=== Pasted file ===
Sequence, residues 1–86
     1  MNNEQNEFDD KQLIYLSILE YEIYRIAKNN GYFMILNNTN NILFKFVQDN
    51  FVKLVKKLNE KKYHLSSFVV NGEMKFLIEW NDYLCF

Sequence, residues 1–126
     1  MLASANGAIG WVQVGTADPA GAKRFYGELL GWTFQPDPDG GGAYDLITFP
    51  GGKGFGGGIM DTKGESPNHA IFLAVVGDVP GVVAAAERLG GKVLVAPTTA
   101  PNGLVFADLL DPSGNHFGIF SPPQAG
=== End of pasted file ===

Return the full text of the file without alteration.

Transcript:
Sequence, residues 1–86
     1  MNNEQNEFDD KQLIYLSILE YEIYRIAKNN GYFMILNNTN NILFKFVQDN
    51  FVKLVKKLNE KKYHLSSFVV NGEMKFLIEW NDYLCF

Sequence, residues 1–126
     1  MLASANGAIG WVQVGTADPA GAKRFYGELL GWTFQPDPDG GGAYDLITFP
    51  GGKGFGGGIM DTKGESPNHA IFLAVVGDVP GVVAAAERLG GKVLVAPTTA
   101  PNGLVFADLL DPSGNHFGIF SPPQAG